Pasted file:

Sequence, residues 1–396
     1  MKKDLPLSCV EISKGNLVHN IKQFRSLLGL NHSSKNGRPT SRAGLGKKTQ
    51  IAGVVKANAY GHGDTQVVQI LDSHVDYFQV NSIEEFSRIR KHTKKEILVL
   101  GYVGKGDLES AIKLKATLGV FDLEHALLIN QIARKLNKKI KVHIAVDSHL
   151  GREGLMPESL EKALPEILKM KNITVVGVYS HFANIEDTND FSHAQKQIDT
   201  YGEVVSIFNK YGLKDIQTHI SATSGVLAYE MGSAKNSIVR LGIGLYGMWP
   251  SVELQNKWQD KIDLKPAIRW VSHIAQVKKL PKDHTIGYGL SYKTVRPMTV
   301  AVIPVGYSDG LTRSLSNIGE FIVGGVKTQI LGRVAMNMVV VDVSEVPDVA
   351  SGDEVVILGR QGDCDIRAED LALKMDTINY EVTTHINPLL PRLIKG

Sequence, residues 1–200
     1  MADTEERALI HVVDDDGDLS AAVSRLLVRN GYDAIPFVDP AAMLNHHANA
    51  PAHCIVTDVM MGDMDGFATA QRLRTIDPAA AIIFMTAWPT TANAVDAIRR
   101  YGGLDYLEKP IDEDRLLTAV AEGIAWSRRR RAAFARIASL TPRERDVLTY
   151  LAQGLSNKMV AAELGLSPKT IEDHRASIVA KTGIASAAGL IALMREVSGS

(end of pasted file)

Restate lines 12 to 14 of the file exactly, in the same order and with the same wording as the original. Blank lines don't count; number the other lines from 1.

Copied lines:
    51  PAHCIVTDVM MGDMDGFATA QRLRTIDPAA AIIFMTAWPT TANAVDAIRR
   101  YGGLDYLEKP IDEDRLLTAV AEGIAWSRRR RAAFARIASL TPRERDVLTY
   151  LAQGLSNKMV AAELGLSPKT IEDHRASIVA KTGIASAAGL IALMREVSGS